STAR WORDS: Hyperspace Troopers


Video game tie-in novels are typically of dubious quality. Shadows of the Empire was never great storytelling as prose or pixels. It came as a surprise to me how much I enjoyed Battlefront: Twilight Company and how grounded the series felt. Freed was clearly inspired by the long history of military science fiction and the hard-hitting reports of wartime journalism so prevalent in the last decade. What we get is a gritty, grimy, soldierly look at war on a galactic scale from the perspective of a boots-on-the-ground grunt. And somehow the book maintains the optimism inherent in Star Wars. It’s a refreshing look at Star Wars and brings to mind Chuck Wendig’s Aftermath in many ways – the action has an immediacy that pulls the reader into the world, caring about one character rather than the fate of a galaxy.

Johnny Rico, meet Namir

The novel follows Namir – a veteran sergeant of the 61st mobile infantry, Twilight Company – as he rises through the ranks during the darkest days of the Rebellion. He’s a jaded soldier fighting for the Rebel Alliance because fighting is all he knows. There is no patriotism in him, no love for the cause. As he is thrust up the chain of command he must grapple with his own doubts and whether he can serve the soldiers under his command if he is not a true believer. [Read more…]

City on the Hill: Living in Minas Tirith


So, by now, you’ve all seen the trending topic on Facebook/Twitter/ Basically, a Lord of the Rings fanatic cum architectural profession has, along with a bevy of colleagues/friends, started an Indiegogo fundraiser titled “Realise Minas Tirith“. Their goal – to build a living, working real-live version of the fantasy city from Tolkien’s epic trilogy.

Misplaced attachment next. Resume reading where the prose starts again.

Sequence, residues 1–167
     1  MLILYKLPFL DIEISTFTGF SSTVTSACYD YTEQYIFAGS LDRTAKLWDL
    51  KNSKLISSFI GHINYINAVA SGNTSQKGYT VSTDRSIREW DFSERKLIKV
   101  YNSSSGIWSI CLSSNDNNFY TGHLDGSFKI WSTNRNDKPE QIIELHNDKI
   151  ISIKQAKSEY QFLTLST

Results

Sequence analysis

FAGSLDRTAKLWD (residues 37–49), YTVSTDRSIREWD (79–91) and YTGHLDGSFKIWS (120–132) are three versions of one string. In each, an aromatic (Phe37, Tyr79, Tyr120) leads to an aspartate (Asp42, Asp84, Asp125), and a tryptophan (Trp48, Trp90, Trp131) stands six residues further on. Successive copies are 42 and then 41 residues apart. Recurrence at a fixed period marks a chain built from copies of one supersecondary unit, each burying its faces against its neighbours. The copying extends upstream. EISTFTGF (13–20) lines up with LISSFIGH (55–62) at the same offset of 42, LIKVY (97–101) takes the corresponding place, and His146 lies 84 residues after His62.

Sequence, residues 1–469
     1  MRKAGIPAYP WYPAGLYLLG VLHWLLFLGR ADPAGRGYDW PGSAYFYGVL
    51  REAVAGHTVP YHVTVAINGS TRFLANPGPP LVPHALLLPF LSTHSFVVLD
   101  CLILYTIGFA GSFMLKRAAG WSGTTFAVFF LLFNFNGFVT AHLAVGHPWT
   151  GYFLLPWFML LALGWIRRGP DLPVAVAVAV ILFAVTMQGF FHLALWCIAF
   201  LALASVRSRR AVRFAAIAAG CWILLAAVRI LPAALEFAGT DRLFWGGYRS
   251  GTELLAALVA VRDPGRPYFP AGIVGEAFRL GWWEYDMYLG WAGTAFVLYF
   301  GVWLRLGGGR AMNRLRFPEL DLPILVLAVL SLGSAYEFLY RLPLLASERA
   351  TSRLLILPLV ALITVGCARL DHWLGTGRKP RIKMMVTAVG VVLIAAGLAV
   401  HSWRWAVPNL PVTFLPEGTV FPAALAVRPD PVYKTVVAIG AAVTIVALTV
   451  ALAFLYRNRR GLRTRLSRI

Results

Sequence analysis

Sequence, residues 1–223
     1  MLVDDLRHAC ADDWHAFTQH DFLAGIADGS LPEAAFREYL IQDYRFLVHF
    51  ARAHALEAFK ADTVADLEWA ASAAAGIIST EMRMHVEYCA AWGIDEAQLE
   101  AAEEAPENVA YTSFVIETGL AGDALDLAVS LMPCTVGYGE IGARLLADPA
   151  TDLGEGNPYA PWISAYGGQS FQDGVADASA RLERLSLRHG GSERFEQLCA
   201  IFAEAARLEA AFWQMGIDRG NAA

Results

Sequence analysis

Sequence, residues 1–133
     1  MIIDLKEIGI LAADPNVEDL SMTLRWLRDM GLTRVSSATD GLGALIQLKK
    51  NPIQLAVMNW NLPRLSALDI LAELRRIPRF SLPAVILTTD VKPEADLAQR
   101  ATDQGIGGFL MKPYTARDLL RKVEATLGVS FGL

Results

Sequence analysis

I’m sure this has raised some questions amidst the neophytes and non-architecturally inclined. Fortunately, as the Recorder’s resident Tolkien scholar (insert grain of salt here), I can provide answers to these questions.

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Persistence of Memory: Kazuo Ishiguro’s “The Buried Giant”

Image of The Buried Giant by Kazuo IshiguroMemory is a finicky thing. It’s subjective to an incredible degree, affected by a multitude of factors including personal bias, innate desires, and decaying human physiology. In short, every human being on earth has a different means of forming memories, as well as a different capability to retain memories. Some are treasured, and some are reviled. In the end, what we remember bubbles to the surface with obscene irregularity – and what we forget is often costlier than what we remember.

If that sounds convoluted, don’t read The Buried Giant, the latest work by acclaimed author Kazuo Ishiguro. If it peaks your interest, you’re more likely to find a thought-provoking existential treatise on what memories mean to our collective human experience. [Read more…]

Alex and Travis Talk Tolkien – The Sequel (Part Two): The Appeal of the Medieval

Being the third part of a conversation that started months ago. The original, wherein we talk about The Hobbit can be found here and the first half of our Fellowship talk can be seen here.

Alex’s Response:

Heh. I can’t lie, most of the reason I roped you into this conversation was because I knew you would be spitting mad about my reaction in some way. To keep my response short: I get why the appeal of Tolkien is in the scope, why the characterization is archaic, and I did read it with an open mind. Like I said, I did enjoy Fellowship quite a bit. Just not without reservations.